That’s probably the most noticeable hole in this show as despite being set in a school, classes are barely ever shown taking place. So either we’re supposed to believe all the action in the series takes place over recess breaks, or education isn’t actually a priority at X. Even in their spare time, Fillmore and Ingrid are more likely to be seen in the Safety Patrol office than anywhere else. X must also be the world’s biggest school, as in addition to the wild scope of a number of one-time locations, it has dozens of extra-curricular activities and clubs to better imitate a city environment. That very idea is where the show is fun. It really commits to its cop show format portraying each school clique or group as its own serious organization. The principal (voiced by Wendie Malick) is essentially a city mayor, detention is treated with the atmosphere of prison time (not often is it acknowledged all these kids have to go home after school), and the Safety Patrol even uses forensic science in their investigations.
          Even though a lot of this is kind of neat, Fillmore! is an incredibly unrelatable show for the main fact that no kid in the show acts like a kid, from the main characters to even the one-episode suspects. The language they use, the way they carry themselves, their personalities are all very adult. With this in mind, it’s no surprise parents almost never appear in the series. Tara Strong, who’s voiced plenty of kids, doesn’t even attempt a younger voice for Ingrid, nor does Horatio Sanz as Junior Commissioner Vallejo -a guy who is every great commissioner cliché from the tie and haircut, to his no-nonsense attitude and comical exclamation “FILLMORE!” Fillmore himself is a character very much in the mould of Hawk from Spenser for Hire with maybe a touch of Shaft. He often reflects on his former life (which has to be less than a year prior to the events of the series), as though he were a hardened criminal. At times Fillmore! takes itself a little too seriously which can work in staying true to the genre and the cheesy set-up. But often you can’t help but be taken out of it for the fact these characters are supposed to be pre-teens and their cases never put them in any real danger. There’s even an episode where they solve a legit forgery crime outside of the school in a case that should involve the real police.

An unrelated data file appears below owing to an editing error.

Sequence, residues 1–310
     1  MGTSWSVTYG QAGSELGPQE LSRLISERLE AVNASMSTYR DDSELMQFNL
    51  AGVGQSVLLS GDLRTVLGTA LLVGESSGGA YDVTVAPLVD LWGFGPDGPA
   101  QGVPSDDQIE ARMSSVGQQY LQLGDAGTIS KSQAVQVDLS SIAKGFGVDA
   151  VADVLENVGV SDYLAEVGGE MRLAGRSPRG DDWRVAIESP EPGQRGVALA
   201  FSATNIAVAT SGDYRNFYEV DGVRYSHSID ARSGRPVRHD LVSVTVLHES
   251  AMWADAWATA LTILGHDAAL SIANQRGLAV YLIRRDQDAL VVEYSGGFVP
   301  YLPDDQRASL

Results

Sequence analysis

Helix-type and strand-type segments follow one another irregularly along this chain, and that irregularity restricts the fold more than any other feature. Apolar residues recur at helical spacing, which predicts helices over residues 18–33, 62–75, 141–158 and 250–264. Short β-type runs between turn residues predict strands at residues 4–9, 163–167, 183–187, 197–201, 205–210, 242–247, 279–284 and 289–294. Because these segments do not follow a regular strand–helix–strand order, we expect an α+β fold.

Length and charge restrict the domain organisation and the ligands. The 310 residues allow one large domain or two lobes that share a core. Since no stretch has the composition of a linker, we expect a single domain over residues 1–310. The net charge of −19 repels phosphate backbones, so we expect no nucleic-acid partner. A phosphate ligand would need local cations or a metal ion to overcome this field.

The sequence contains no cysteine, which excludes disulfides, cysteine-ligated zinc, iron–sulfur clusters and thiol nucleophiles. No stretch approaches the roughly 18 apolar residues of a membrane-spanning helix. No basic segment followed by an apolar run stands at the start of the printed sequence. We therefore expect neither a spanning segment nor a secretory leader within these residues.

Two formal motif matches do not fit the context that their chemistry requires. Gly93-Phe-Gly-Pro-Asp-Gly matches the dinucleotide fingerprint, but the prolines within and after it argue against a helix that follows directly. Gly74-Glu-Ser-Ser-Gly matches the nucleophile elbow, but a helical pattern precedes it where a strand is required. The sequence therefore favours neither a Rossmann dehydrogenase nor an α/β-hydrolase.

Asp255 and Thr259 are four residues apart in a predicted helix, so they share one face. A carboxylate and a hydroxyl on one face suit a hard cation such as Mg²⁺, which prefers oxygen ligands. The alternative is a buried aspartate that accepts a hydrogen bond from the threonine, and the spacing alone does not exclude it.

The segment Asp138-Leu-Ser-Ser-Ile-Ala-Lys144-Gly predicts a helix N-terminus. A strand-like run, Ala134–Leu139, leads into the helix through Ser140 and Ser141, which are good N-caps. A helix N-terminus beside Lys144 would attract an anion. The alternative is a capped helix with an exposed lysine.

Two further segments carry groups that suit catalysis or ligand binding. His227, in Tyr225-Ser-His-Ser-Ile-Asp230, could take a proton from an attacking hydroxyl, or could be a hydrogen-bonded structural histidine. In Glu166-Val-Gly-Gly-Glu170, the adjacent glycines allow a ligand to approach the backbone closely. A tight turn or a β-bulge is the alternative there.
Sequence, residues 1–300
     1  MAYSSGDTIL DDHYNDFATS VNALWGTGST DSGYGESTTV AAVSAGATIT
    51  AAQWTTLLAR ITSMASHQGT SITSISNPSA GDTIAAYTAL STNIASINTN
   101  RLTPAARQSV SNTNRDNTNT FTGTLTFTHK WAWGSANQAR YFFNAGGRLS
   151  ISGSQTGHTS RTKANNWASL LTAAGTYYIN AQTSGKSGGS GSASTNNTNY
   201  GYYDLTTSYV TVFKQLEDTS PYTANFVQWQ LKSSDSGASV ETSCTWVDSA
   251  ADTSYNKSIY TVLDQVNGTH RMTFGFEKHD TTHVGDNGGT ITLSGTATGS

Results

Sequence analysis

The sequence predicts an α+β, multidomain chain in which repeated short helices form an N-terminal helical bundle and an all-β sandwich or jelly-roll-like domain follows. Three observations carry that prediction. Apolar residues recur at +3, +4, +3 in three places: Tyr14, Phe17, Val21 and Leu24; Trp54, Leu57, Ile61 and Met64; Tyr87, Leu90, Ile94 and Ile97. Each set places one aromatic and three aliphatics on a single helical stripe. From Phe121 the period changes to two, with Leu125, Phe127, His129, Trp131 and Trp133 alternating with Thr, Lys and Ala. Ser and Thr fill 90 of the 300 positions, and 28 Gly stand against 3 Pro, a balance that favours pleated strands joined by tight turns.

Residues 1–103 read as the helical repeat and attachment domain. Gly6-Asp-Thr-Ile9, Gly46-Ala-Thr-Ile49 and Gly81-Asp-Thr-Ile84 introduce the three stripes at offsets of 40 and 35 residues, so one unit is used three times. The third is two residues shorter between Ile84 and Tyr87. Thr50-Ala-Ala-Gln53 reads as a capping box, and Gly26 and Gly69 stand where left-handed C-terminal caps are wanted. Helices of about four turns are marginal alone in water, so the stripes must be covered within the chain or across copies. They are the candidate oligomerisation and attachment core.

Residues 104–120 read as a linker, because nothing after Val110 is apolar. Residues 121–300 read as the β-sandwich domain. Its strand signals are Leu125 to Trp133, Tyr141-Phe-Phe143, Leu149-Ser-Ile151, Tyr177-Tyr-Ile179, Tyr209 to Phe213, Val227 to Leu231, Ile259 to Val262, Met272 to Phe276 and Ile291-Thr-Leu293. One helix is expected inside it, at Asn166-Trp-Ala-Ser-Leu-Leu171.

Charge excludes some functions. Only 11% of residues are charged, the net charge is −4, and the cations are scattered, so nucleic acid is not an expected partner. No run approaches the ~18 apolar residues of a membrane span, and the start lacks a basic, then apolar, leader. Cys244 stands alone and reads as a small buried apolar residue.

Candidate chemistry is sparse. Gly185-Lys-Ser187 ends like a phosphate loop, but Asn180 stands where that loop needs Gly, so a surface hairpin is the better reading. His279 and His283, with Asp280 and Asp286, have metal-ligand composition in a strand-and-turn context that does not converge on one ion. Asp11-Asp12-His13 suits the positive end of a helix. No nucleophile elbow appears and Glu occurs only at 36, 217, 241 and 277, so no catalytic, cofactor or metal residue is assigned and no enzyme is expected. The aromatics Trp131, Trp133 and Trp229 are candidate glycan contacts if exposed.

However, the show is quite well-written and the idea is a pretty inventive one, even if the joke is doomed to wear thin after a while. It was created by Scott M. Gimple who’d previously worked on Pepper Ann, but may be best known now as the showrunner of The Walking Dead. And he clearly loved old cop shows! This series is a perfect example of a parody-homage, satirizing elements of the genre while also paying respect to them. From little details in the action scenes and camera-work, to a wonderful smooth jazz musical accompaniment underscoring every episode, to a few genuinely good ending speeches from Fillmore, it’s definitely paying tribute while simultaneously trying to be something new for Disney. And while it can’t always be taken seriously, it’s certainly one of the more successful One Saturday Morning experiments. 

          When One Saturday Morning was replaced by ABC Kids, it wasn’t a huge or noticeable change, but gradually it became apparent. By the ways it was advertised and the lesser presence it had as a television line-up, it lost some of the lustre, as well as a great logo. However, though I left it about this time, I won’t deny there was quality during its own run. I’ve heard good things about The Proud Family and Phineas and Ferb, amazing things about Kim Possible, and I have no reason to believe these weren’t as good as the hype. I even watched and remember liking the Lilo & Stitch animated series quite a bit -certainly a vast improvement over Teamo Supremo. But for many of us late ‘90s/early 2000s kids, that One Saturday Morning block was the best thing about the weekend. Over those five years, it wasn’t segregated between the good era and bad era, as there was an organic mix of both throughout its entire run. The shows that were good: Recess, Pepper Ann, 101 Dalmatians, The Weekenders, Buzz Lightyear of Star Command, House of Mouse, and Fillmore!, still hold up as decent and entertaining kids shows. I wish there were DVD releases of some of these series, I wish they were rerun, I wish kids today could be exposed to them. But maybe it’s for the best the next generation have their own cartoon line-ups to love. One Saturday Morning was a wonderful little period, the only significant cartoon block of my childhood, and I had fun looking back on each of these series. To those who’ve been reading, I hope you enjoyed reliving these shows as well.

          Happy 20th Anniversary One Saturday Morning! Here’s to you, you marvellous number balancing on a ball!